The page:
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From the booth: Bills at Buccaneers

Posted Dec 11, 2013

Another painful game to review, the Bills 27-6 loss to Tampa Bay. But we’ve got a few leftover notes and observations from the radio broadcast booth:

-It didn’t take long to see the play of the game. It was the second play from scrimmage-Bobby Rainey’s 80-yard touchdown run on 2nd and 10. The Bills lined up in their version of the ‘46’ defense with eight men in the box, seven of them at the line of scrimmage. It’s a defense designed to pressure the offense on what Buffalo no doubt thought would be a pass play by the Bucs. But with eight in the box, the ‘46’ can also be an effective changeup defense against the run.

The issue on this play was that the ‘46’ leaves little margin for error behind the line of scrimmage. Once Bobby Rainey cleared the line of scrimmage with a little half-step to his right, the Bills were in trouble. MLB Kiko Alonso jumped too far to his left and with Alan Branch in front of him covered up by the center, Alonso was put in a bad spot. Rainey slid off Alonso’s tackle attempt. Buffalo had one single-high safety, Jairus Byrd, who followed the offensive motion to his left. Once Rainey cut to the defensive right, Byrd was out of the play and had no chance.

On Monday, Head Coach Doug Marrone said the defensive mistakes behind the line of scrimmage resulted in Rainey’s long touchdown run.

“At the second level we need our linebacker to get over the top,” he said, “and to stop the touchdown we need to get someone in the secondary to go ahead and make that play.”

Rainey showed good speed on the long run, even though his 40-time two years ago was a pedestrian 4.53. With the Bills in a high-risk, high-reward defense on this play, it only took a couple of breakdowns to get the game started off on the wrong foot for Buffalo.

-Bucs QB Mike Glennon didn’t make many good plays in the game and he only completed nine passes. But his 38-yard touchdown pass to Vincent Jackson late in the first quarter was an impressive display on arm talent and improvisation.

The Bills had an overload blitz to Glennon’s left on the play with Jerry Hughes and Kiko Alonso coming hard. Marcel Dareus forced Glennon out of the pocket rolling to his right. Glennon did a good job keeping his eyes downfield on the play and he was able to see the veteran Jackson scramble into the end zone with Nickell Robey in coverage. Glennon showed tremendous arm strength to heave the ball down the field and Jackson made a great adjustment on the ball in the end zone for the touchdown.

Again, not a thing of beauty.  But it’s the type of play that makes you think Glennon could have a future in the league as a Joe Flacco type of quarterback, once he gets more comfortable and is surrounded by more talent.

-It may have been a milestone type of game for Bills linebacker Nigel Bradham against the Bucs. It was his first start of the season after starting 11-games in his rookie campaign. And Bradham got 41-snaps at the weak side linebacker spot, 71-percent of the defensive snaps.

He finished the game with 6 total tackles including some good run stops. Midway through the 2nd quarter, Bradham made a good, quick reaction on a 1st down run by Bobby Rainey, stopping him for a one yard gain. In the third quarter, with about 10-minutes left, Bradham was able to sift through traffic to team up with Marcel Dareus and hold Rainey to a two yard gain. Both plays looked like the smart, instinctive type of run recognition that Bradham will need to stay on the field down the stretch.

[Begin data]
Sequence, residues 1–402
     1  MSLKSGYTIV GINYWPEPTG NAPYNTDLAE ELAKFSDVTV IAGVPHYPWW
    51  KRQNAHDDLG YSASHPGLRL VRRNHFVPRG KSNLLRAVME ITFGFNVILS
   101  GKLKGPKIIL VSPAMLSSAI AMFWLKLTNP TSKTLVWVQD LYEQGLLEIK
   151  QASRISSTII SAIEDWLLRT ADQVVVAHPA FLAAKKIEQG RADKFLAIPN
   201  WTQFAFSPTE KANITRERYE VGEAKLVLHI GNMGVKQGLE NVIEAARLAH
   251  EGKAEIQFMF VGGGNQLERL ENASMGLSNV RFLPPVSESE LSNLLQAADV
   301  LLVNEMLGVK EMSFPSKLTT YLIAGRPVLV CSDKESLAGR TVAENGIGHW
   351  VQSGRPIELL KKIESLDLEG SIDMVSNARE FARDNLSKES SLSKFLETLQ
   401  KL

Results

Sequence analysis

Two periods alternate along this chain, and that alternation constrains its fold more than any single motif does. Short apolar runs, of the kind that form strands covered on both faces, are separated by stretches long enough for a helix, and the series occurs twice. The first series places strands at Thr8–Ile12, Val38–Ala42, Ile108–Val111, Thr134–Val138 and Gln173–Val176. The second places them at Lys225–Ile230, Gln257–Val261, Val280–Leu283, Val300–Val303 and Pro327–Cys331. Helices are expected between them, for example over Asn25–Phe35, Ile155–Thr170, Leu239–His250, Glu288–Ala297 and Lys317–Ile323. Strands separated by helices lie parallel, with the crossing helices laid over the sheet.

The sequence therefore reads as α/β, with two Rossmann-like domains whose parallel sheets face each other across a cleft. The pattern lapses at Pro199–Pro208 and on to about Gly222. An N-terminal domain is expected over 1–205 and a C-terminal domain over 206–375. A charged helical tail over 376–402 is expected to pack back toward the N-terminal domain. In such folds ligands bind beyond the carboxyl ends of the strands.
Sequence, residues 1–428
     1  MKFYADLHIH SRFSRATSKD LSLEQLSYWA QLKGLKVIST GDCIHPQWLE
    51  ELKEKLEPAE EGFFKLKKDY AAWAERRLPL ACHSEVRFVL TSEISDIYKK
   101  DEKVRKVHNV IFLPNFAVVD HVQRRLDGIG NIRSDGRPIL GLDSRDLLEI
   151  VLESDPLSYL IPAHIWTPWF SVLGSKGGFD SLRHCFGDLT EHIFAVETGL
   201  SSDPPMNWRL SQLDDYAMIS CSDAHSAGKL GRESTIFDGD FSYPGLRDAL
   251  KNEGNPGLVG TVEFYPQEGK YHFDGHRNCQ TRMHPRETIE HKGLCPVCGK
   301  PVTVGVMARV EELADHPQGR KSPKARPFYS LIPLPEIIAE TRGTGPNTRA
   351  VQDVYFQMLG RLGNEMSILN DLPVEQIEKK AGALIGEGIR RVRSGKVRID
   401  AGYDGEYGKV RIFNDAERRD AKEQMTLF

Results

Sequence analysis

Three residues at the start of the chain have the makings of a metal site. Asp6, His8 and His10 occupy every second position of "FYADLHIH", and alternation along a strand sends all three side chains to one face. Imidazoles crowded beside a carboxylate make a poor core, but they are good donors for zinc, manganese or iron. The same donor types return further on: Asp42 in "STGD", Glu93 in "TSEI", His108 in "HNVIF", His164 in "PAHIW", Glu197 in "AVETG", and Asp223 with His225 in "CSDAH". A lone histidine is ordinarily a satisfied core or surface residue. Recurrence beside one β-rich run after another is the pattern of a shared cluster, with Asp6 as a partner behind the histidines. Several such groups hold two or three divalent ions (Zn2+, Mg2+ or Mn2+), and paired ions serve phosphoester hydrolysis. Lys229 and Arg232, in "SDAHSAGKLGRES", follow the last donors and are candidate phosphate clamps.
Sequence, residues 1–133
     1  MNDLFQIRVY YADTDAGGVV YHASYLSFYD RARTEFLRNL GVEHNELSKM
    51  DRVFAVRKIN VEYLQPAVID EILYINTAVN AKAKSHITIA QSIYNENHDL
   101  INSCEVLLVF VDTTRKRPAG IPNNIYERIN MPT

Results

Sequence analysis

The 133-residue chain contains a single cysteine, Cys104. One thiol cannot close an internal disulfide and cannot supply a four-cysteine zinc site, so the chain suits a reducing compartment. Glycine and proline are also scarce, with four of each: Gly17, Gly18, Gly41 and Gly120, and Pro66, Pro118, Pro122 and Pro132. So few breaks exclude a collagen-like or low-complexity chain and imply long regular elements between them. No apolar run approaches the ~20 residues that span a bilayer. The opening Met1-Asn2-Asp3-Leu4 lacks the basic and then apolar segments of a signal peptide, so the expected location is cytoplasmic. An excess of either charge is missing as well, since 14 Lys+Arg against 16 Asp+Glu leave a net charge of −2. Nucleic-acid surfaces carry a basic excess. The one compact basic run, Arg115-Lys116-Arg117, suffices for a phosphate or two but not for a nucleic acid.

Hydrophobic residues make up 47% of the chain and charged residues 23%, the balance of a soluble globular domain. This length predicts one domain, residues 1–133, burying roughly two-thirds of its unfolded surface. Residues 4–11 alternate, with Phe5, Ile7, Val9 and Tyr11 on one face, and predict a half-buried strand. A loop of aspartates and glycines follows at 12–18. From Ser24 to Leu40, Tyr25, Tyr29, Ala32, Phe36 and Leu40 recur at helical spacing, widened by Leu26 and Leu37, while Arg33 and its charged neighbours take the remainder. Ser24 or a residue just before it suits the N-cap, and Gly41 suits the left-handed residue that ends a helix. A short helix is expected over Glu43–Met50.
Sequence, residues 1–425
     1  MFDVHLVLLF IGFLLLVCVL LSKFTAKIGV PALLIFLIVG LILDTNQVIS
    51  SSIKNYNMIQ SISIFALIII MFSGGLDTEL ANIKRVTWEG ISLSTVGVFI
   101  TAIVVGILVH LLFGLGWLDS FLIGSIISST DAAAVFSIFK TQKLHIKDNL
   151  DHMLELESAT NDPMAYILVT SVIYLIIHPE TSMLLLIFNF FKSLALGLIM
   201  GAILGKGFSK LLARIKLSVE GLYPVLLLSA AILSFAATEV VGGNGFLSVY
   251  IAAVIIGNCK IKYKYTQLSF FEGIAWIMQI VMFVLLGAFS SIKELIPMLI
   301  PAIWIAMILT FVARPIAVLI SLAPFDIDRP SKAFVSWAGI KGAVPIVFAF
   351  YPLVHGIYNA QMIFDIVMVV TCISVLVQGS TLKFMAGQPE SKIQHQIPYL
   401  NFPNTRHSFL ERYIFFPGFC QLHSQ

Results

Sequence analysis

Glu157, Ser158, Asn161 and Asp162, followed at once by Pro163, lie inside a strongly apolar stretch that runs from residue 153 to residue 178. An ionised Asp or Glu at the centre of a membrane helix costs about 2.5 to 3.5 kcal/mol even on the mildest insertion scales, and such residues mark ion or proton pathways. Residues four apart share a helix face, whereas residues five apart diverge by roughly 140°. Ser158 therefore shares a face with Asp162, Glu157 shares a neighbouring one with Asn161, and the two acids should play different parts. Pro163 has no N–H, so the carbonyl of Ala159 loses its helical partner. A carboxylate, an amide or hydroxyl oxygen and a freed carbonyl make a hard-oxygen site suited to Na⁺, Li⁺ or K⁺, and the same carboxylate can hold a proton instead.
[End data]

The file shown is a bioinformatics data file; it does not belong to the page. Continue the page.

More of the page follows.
The analytics experts at Pro Football Focus credit Bradham with a total of four run stops in the game.  They define run stops as solo defensive tackles which constitute and offensive failure. PFF.Com gave Buffalo’s 4th round pick from a year ago a positive overall grade for the game, and he’s received high marks from the analytics website for his last three games.

-The game may have seemed out of reach with the Bills trailing 24-3 at halftime, but I thought Buffalo had a chance to get back in it early in the third quarter. After a Dan Carpenter field goal, the Bills were down by 18-points with ten minutes left in the quarter. The defense came up with a big play on Tampa’s next possession, with a sack and a loss of nine yards for Glennon on third down. It was a classic coverage sack—Glennon hung onto the ball for a long time and Dareus finally brought him down.

After a 21-yard punt return, the Bills had their best drive start of the game, at the Bucs 47-yard line. With any kind of score on this possession, Buffalo could put itself down by only two scores with plenty of time remaining. On the radio, I mentioned to my partner Mark Kelso that if the Bills had any chance at all of “getting a whiff of victory” this would be the critical juncture of the game.

EJ Manuel hit a couple of passes to set up 1stand 10 at the Bucs 31-yard line. Then, on second down, he threw an ill-advised pass over the middle to Stevie Johnson that was off target. Tampa Bay linebacker Mason Foster picked it off; at least that was the ruling on the field. The play went to replay review and it appeared that the ball hit the ground before Foster was able to secure it. But the on-field officials stuck with the call, the Bucs had the ball, and Buffalo’s last best chance to make a game of it was snuffed out.

-The fact that Buffalo’s best drive start was the Bucs 47 says a lot about the Bills struggles. Thanks to turnovers, an ineffective return game, and a good Tampa Bay kickoff specialist (Michael Koenen), the Bills average drive start for the game was their own 25-yard line. Tampa Bay’s was their own 40. That’s an average deficit of 15-yards for every possession in the game.

They may call it hidden yardage, but it’s no doubt not hidden at all from Head Coach Doug Marrone, who pays strict attention to the stat.